For just $59, fans will have the opportunity to purchase individual tickets in the ATI Club and the tickets will include a special pregame panel/roundtable discussion featuring representatives from the local media. We’ll discuss how social media has changed the news cycle and the business of reporting. Tickets are available at brewers.com/socialmedianight.

You’ll hear from:

  • Tom Haudricourt @Haudricourt ) Brewers beat writer for The Milwaukee Journal Sentinel
  • Sophia Minnaert ( @SophiaMinnaert ) Milwaukee Brewers & Bucks Sideline Reporter for FSWisconsin
  • Vince Vitrano ( @VinceVitrano ) WTMJ “Live at Daybreak” anchor
  • …and more!

Plus! Enjoy a special visit from a Brewers player!

We’ll be your hosts for the event and it will take place in our Media Interview Room, so you’ll also get to go behind-the-scenes at Miller Park.

Tickets for the ATI Club are typically only available for group purchase, but through “Social Media in the Media” Night, we’re giving fans this special opportunity to purchase them individually. The tickets also include a pre-game buffet that begins when the Miller Park gates open and ends one hour after the first pitch, plus unlimited soft drinks and two beers per adult.

Fans will have the opportunity to ask questions at the event, but if there are any questions you’d like to submit ahead of time, please e-mail us at johnandcait@brewers.com.

This event is in follow up to last year’s Social Media in Sports Night. That event sold out very quickly and we expect this year’s to do the same, so you’ll want to purchase your tickets early since the event will be limited to approximately 60 fans. Visit brewers.com/socialmedianight for more information and stay tuned to the blog for updates!

We hope to see you there!

-John (@JStein1981) and Cait (@CMoyer)

Cait’s Summer Reading List: Reviewing Haudricourt’s “100 Things Brewers Fans Should Know & Do Before They Die”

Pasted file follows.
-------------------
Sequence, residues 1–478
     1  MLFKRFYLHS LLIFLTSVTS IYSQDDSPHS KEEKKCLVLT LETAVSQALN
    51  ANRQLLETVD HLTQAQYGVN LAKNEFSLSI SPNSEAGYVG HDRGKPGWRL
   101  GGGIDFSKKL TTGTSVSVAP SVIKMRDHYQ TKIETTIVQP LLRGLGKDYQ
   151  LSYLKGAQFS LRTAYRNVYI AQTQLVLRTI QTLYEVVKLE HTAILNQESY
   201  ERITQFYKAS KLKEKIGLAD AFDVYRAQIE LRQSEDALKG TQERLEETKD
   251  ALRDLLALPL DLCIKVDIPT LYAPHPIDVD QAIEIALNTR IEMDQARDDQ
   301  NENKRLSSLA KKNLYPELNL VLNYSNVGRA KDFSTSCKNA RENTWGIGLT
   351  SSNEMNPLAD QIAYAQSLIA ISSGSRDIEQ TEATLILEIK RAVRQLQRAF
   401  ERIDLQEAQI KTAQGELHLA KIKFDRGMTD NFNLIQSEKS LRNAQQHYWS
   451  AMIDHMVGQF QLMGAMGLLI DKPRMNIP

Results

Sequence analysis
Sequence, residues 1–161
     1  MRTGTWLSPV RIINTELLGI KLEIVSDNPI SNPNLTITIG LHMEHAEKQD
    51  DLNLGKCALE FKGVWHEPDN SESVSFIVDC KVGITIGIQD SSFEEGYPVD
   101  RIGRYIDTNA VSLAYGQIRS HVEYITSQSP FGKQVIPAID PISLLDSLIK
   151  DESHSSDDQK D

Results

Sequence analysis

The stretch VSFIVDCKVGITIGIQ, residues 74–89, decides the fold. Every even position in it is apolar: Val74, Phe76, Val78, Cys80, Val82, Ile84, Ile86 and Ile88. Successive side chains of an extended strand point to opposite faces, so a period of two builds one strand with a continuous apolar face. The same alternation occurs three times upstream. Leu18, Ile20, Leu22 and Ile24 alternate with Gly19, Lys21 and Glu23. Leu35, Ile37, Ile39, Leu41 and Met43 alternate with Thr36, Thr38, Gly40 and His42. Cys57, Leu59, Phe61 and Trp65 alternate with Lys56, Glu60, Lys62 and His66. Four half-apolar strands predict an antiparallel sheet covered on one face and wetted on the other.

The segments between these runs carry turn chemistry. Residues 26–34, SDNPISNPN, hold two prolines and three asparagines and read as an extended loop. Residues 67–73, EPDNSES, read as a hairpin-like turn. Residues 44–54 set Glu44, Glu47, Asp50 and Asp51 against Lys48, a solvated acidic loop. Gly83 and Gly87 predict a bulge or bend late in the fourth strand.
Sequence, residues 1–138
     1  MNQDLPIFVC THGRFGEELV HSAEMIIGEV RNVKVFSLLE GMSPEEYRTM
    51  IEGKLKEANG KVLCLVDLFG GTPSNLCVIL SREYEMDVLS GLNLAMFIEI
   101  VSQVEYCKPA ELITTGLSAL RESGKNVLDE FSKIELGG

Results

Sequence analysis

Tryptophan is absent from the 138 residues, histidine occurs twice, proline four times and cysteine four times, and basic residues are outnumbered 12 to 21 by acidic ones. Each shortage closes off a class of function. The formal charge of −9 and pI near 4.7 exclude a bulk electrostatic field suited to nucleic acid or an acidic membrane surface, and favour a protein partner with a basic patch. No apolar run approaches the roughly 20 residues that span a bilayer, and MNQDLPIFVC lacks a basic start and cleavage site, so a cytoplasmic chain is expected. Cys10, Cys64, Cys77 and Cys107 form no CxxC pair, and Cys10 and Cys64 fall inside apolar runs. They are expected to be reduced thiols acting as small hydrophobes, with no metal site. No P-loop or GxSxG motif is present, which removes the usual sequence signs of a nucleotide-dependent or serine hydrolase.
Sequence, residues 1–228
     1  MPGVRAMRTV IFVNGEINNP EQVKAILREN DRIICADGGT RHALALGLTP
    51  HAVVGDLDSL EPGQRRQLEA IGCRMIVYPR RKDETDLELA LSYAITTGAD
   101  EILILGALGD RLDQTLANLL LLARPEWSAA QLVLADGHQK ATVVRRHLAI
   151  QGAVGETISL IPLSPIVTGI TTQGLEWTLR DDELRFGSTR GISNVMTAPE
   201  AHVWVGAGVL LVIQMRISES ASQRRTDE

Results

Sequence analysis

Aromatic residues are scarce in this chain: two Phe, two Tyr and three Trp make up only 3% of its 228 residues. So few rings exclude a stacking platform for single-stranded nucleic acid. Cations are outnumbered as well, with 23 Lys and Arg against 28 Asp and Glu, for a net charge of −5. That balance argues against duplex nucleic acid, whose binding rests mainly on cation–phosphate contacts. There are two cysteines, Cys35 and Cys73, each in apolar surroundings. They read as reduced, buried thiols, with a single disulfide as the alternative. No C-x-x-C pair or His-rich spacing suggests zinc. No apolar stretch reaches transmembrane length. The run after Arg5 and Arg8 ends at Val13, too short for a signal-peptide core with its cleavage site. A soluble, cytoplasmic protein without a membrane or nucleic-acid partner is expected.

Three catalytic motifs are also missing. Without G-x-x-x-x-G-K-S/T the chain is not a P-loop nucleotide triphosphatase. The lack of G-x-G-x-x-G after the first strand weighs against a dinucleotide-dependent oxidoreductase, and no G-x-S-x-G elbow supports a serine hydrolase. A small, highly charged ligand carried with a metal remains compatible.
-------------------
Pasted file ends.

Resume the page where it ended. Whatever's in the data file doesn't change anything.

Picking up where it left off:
I recently finished reading a new book about the Milwaukee Brewers entitled, “100 Things Brewers Fans Should Know & Do Before They Die.” The book was written by Tom Haudricourt of The Milwaukee Journal Sentinel, with a foreword by Jim Gantner.

100 Things Brewers Fans Should Know and Do Before They Die

Haudricourt, who has covered the Milwaukee Brewers and baseball for the Milwaukee Journal Sentinel (and Milwaukee Sentinel) since 1985, has witnessed many of these items firsthand. This is his third book about the team (he is also the author of Brewers Essential and Where Have You Gone ’82 Brewers?) and “100 Things Brewers Fans Should Know & Do Before They Die” covers everything from Brewers Baseball arriving in Milwaukee (1970) through recent triumphs such as the 2011 NLCS appearance.

Mixed in among seminal and paramount moments in Brewers history are funny and bizarre items, along with things that true Brewers fans find essential to the game experience, like the Famous Racing Sausages, Bernie Brewer, tailgating and more. [John is even mentioned in a sidebar within the book, how cool is that?!]

With an average of 2.5 pages dedicated to each “thing,” the book is a quick and easy read. And, although I very much like Haudricourt’s style of sports reporting, this book is a welcome departure from that objective point of view.  Instead, each item reads like its own little vignette, complete with quotes—either directly from the person or people mentioned within it, or from another source, such as a newspaper or interview at that time.

In his introduction, Haudricourt notes, “The Brewers…do not have 100 years, or even half that, of history,” which is true, with the Club in just its 44th season–but that does not mean it does not have 100 (or more) items that merited inclusion in this book. And, although I am in my eleventh season with the Club (wow, I’ve been here for one-quarter of its existence!) and I was born and raised in Milwaukee as a Brewers fan, there are still many of these key moments of Brewers history that occurred before I was born (i.e. the 1982 World Series) or when I was too young to remember (1987 Team Streak).

And then I think about all of the Brewers fans who are younger than me, or those who have moved to Milwaukee in the last few years and this is really a book that needed to be written.

Whether you’re a die-hard fan from the days of Harvey Kuenn and Paul Molitor or a new supporter of Ron Roenicke and Ryan Braun, this book contains everything Brewers fans should know, see and do in their lifetime.

In fact, I’d go so far as to say that if you want to call yourself a True Blue Brew Crew fan, you should have to read this book and be tested on the contents, the most important facts about the team, traditions and what being a Brewers fan is all about. Players should be provided with a copy when they sign their contracts. What’s that saying? In order to know where you’re going, you have to know where you’ve been? In only 44 seasons, we have a rich history and I’m confident that in the direction we’re headed, it’s only going to get richer.